The search for Covid-19 vaccines has also been marked by unprecedented scientific collaboration and innovation. Covid-19 researchers were encouraged to think creatively, pursue multiple leads simultaneously, pool data, engage in open-source research and collaborate across labs and institutions — also with researchers working on other diseases. It’s a revolutionary approach to innovation that HIV advocates have been calling for for years.

  1.  Conducting trials in parallel produces rapid results 

Covid-19 research applied cutting-edge trial designs that tested multiple vaccine candidates and approaches simultaneously, conducted critical trials in parallel rather than sequentially, and moved quickly to expand trials of promising vaccines to tens of thousands of participants, which produced rapid results.

  1. Advance purchase agreements lead to early manufacturing

Advance government and Covax commitments to purchase Covid-19 vaccines, and the reservation of capacity to manufacture them before trial results were in, incentivised some vaccine developers and smoothed the transition from research to production. This collaborative, publicly-funded approach led many groups and organisations, including both of ours (Health Justice Initiative and Avac), to describe the outcome of those incentives – the multiple safe and effective Covid-19 vaccines – as a “people’s vaccine”.

A global sense of urgency was also essential to producing Covid-19 vaccines in record time. That can be harder to create and maintain for diseases that have been around for decades, such as HIV, or for centuries, like TB. Each of these, however, along with malaria, sleeping sickness, leishmaniasis, Chagas disease, river blindness, mycetoma and others, are not only public health crises but also major barriers to achieving the UN Sustainable Development Goals, and must be framed as top global vaccine development priorities.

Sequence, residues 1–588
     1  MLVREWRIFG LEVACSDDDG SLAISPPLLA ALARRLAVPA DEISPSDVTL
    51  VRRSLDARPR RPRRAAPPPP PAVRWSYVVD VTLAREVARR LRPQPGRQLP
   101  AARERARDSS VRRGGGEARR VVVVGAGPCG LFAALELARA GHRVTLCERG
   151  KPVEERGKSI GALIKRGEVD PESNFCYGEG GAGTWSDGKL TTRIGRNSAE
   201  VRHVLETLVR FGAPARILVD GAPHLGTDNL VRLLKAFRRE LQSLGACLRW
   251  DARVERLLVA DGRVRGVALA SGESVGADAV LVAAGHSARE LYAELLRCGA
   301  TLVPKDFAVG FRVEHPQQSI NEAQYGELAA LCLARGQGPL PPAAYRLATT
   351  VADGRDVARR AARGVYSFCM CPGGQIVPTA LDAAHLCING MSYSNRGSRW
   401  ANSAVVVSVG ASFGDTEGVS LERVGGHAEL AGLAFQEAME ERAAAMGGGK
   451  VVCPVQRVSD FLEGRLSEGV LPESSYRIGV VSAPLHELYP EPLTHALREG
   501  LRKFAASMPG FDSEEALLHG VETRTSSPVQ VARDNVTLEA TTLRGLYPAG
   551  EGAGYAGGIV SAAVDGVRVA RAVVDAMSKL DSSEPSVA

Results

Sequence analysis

The Covid-19 response proved that sufficient funding, an emphasis on collaboration and a willingness to use cutting-edge research approaches can shorten vaccine research timelines by years. However, the results of those innovations are not translating quickly or equitably enough to ending this pandemic, or building pandemic preparedness for the future. 

Today, the world’s wealthiest countries, with 14% of the global population, hold half of the global Covid-19 vaccine supply. Nearly half of US residents have received at least one dose of Covid-19 vaccine, as opposed to less than 1% of South Africans.

This startling level of inequity speaks for itself, and greatly diminishes both faith in vaccines and the world’s commitment to equity. Scientific R&D is meaningless without equally robust investment in and commitment to the final “d”: delivery.

HIV vaccine research is gaining important momentum, with several large clinical studies underway and important new discoveries in fields such as antibodies and germline targeting technology. This HIV Vaccine Awareness Day (18 May), the challenge before us is to combine that scientific momentum with vaccine development and access approaches that build on Covid-19’s successes and learn from its mistakes. Doing so could jump-start a new global era in vaccine research and health equity. 

Fatima Hassan is the founder and director of the Health Justice Initiative. Mitchell Warren is the executive director of the US-based advocacy organisation, AVAC.

This story was produced by the Bhekisisa Centre for Health Journalism. Sign up for the newsletter.

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Fatima Hassan
Fatima Hassan
Fatima Hassan is a South African and writes in her personal capacity.